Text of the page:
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Dermatitis - Symptoms & Treatment

Dermatitis is a tenderness of the skin. The word "dermatitis" is used to illustrate a number of unusual skin rashes that are caused by infections, allergies, and irritating substances. There are dissimilar types of dermatitis, including seborrheic dermatitis and atopic dermatitis (eczema). Though the disorder can have lots of causes and arise in many forms, it usually involves swollen, reddened and itchy skin. Chronic dermatitis perseveres over a period of time. The hands and feet are mainly vulnerable to chronic dermatitis, because the hands are in frequent contact with a lot of foreign substances and the feet are in the warm, moist conditions formed by socks and shoes that favor fungal growth. People who endure from dermatitis must identify and avoid substances that cause attacks.

Dermatitis is a common form that isn't life-threatening or infectious. But, it can make you suffer sore and self-conscious. Contact dermatitis is skin irritation caused by direct contact with a particular essence. The rash is very itchy, is restricted to a specific area, and often has clearly defined boundaries. Dermatitis is usually established on clinical grounds, based on the patient's history, family history and secure examination of the skin. Patch testing is sometimes essential in contact dermatitis to conclude if a particular irritant causes the dermatitis. In a few cases, the best cure is to do nothing to the area. Proper treatment depends on decisive the type of dermatitis involved and treating the underlying cause, if possible.

Causes of Dermatitis

Some causes & risk factors of Dermatitis are as follows:

  • Similar to all allergic reactions, allergic contact dermatitis results from a effect of the immune system.
  • The past of any type of allergies.
  • Occasionally contact dermatitis results only after a person touches certain essence and then exposes the skin to sunlight (photo allergic or phototoxic contact dermatitis).
  • People with other skin conditions, for instance eczema, are most likely to expand contact dermatitis.

Symptoms of Dermatitis

A red rash is the usual effect. It appears instantly in irritant contact dermatitis, but every so often in allergic contact dermatitis the rash does not appear for 1-2 days after the exposure. The itching is typically severe, but the rash differs from a mild, short-lived redness to harsh swelling and large blisters. Most commonly, the rash enclose tiny blisters. The rash develops only in areas contacted by the essence. Although valuable, patch testing is complicated. People may be susceptible to many substances, and the essence they react to on a patch may not be the cause of their dermatitis. Once a reaction begins, it may take as long as 4 weeks to determine completely.

Treatment of Dermatitis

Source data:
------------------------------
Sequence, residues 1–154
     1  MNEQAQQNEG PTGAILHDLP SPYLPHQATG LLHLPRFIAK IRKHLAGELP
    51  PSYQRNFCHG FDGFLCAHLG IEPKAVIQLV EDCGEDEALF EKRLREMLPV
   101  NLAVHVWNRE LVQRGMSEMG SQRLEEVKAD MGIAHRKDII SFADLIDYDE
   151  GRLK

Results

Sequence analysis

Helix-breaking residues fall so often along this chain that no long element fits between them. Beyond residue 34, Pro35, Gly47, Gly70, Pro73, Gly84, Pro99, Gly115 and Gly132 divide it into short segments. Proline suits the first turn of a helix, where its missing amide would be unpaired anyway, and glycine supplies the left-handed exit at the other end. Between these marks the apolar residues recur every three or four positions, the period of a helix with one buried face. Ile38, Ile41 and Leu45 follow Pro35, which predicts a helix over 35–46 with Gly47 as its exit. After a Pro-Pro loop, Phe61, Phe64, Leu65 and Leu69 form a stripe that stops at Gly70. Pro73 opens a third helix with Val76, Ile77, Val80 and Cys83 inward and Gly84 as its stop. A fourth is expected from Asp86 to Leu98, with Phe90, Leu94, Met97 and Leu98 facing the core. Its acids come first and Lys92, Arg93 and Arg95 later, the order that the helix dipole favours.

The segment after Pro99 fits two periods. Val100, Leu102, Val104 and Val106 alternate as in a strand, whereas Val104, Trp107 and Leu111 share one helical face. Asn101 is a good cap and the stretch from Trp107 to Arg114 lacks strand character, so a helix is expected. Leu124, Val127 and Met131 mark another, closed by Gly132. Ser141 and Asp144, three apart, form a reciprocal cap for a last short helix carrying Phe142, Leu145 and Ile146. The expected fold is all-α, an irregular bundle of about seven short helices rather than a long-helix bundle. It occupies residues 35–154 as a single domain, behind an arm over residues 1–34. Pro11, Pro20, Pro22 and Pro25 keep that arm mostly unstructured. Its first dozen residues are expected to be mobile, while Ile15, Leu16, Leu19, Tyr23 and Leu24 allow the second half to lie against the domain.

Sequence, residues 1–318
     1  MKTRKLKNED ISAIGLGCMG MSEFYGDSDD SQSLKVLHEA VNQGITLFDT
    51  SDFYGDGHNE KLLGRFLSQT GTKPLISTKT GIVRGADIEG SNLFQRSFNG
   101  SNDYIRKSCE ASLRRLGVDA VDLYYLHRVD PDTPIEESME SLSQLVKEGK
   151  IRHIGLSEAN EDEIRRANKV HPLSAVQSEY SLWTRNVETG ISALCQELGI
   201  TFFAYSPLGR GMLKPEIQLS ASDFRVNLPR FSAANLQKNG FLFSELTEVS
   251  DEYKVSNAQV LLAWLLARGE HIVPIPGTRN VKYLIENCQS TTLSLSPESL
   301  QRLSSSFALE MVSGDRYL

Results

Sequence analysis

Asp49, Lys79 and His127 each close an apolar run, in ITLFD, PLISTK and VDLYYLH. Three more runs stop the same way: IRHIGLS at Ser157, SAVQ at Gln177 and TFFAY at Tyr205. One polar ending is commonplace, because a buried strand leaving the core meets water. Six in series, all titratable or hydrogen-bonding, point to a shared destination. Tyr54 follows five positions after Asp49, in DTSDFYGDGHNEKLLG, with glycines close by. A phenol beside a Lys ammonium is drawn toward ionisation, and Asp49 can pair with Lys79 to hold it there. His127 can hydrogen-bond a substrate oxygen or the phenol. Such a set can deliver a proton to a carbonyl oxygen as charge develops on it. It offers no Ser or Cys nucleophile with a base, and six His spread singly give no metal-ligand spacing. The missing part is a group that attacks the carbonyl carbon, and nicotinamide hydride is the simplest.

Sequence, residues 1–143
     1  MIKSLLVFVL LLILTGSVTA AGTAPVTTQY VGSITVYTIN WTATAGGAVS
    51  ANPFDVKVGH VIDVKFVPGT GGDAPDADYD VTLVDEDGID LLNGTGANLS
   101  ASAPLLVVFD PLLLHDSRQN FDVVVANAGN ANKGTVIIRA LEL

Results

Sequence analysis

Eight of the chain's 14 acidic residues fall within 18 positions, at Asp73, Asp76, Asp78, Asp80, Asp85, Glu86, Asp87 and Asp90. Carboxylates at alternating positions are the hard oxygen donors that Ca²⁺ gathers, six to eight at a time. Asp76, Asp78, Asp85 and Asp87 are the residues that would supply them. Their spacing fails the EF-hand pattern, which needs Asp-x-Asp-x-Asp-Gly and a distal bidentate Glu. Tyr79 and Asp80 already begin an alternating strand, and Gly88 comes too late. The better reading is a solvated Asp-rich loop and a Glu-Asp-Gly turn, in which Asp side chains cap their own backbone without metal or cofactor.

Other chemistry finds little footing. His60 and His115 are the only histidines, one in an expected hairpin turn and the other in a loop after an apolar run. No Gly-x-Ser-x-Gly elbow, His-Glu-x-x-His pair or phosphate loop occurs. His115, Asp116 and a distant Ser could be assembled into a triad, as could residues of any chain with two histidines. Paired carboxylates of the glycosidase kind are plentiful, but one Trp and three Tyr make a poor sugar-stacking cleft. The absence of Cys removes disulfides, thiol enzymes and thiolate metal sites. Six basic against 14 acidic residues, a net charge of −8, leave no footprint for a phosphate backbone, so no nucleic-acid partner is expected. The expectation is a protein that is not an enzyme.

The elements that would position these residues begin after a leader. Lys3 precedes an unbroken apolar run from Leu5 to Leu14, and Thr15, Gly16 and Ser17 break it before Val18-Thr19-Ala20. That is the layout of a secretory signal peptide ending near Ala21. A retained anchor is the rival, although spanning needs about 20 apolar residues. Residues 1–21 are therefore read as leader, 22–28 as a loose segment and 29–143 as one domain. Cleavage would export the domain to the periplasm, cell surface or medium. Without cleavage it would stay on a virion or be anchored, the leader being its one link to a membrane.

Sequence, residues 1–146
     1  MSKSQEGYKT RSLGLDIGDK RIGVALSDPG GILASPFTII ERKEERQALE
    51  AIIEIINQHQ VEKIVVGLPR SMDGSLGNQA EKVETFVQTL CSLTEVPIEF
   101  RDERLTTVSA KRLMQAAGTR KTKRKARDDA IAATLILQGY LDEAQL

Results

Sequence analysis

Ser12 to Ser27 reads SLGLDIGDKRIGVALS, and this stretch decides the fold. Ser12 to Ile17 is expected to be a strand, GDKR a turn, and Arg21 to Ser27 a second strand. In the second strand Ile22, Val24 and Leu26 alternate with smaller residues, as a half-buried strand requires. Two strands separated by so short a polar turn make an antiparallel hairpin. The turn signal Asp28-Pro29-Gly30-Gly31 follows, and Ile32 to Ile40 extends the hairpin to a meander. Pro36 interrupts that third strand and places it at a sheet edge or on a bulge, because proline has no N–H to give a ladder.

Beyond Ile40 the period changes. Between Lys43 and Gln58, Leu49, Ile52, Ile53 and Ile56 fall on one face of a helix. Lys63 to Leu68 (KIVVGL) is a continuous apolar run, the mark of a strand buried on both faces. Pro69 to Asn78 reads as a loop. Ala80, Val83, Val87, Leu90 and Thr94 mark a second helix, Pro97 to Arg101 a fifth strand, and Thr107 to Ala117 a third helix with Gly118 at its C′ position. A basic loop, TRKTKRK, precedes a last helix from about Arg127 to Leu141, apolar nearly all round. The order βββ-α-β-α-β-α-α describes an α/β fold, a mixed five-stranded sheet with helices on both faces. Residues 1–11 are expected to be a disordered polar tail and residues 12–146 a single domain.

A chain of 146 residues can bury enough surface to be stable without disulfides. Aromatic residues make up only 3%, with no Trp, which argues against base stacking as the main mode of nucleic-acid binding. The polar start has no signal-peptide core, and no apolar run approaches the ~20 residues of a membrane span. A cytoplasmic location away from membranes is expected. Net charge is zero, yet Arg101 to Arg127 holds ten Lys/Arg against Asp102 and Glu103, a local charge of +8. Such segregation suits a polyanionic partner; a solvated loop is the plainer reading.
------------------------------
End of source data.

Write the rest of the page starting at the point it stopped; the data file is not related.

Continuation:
Some most common treatment related to Dermatitis are as follows:

  • Pimecrolimus is a new anti-inflammatory cream exposed to be very useful for atopic dermatitis, among fewer side effects than topical steroids.
  • Decrease itching and scratching with topical medications or antihistamines.
  • Avoid irritating and drying substances for instance perfumes or harsh detergents.
  • Wet dressings and soothing anti-itch (antipruritic) or drying lotions may be suggested to lessen other symptoms.
  • Utilize mild laundry soap and confirm that clothes are well rinsed.
  • Use moisturizers several times on a daily basis. In infants, with atopic dermatitis, moisturizing repeatedly (with each diaper change for example) is very helpful.


Health Topics
Skin Disorders
Acanthosis Nigricans
Allergic Contact Dermatitis
Atopic Dermatitis
Cavernous Hemangioma
Herpes Simplex
Herpes Zoster
Molluscum Contagiosum
Mycosis Fungoides
Myxoid Cysts
Nail Fungus
Necrobiosis Lipoidica Diabeticorum
Nummular Dermatitis
Pityriasis Alba
Pityriasis Lichenoides
Pityriasis Rosea
Pityriasis Rubra Pilaris
Plantar Warts
Poison Ivy
Poison Oak
Pruritus Ani
Pseudofolliculitis Barbae
Puffy Eyes
Ring Worm
Schambergs Disease
Sebaceous Hyperplasia
Skin Disorders
Acrodermatitis Chronica Atrophicans
Alopecia Mucinosa
Alopecia Areata
Acne Keloidalis
Angiolymphoid Hyperplasia with Eosinophilia
Acrodermatitis Enteropathica
Bacillary Angiomatosis
Blastomycosis North American
Chondrodermatitis Nodularis Helicis
Crohns Disease
Erythropoietic Protoporphyria
Eosinophilic Granuloma
Acanthoma Fissuratum
Erythema Multiforme
Elastosis Perforans Serpiginosa
Erythema Nodosum
Disseminated Intravascular Coagulation
Dermatitis Herpetiformis
Epidermolysis Bullosa
Dyshidrotic Dermatitis
Seborrheic Dermatitis
Seborrheic Keratosis
Skin Cancer
Solar Keratosis
Squamous Cell Carcinoma
Stretch Marks
Sun Burn
Sun Damage
Telogen Effluvium
Tinea Capitis
Tinea Corporis
Tinea Cruris
Tinea Pedis
Tinea Versicolor
Urticaria Pigmentosa





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